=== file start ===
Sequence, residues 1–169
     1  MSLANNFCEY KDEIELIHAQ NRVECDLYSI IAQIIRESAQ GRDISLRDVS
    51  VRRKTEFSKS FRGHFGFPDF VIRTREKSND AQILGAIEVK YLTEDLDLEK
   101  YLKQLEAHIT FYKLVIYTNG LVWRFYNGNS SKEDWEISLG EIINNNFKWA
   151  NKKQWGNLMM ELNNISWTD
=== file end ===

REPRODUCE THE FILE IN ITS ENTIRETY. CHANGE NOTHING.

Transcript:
Sequence, residues 1–169
     1  MSLANNFCEY KDEIELIHAQ NRVECDLYSI IAQIIRESAQ GRDISLRDVS
    51  VRRKTEFSKS FRGHFGFPDF VIRTREKSND AQILGAIEVK YLTEDLDLEK
   101  YLKQLEAHIT FYKLVIYTNG LVWRFYNGNS SKEDWEISLG EIINNNFKWA
   151  NKKQWGNLMM ELNNISWTD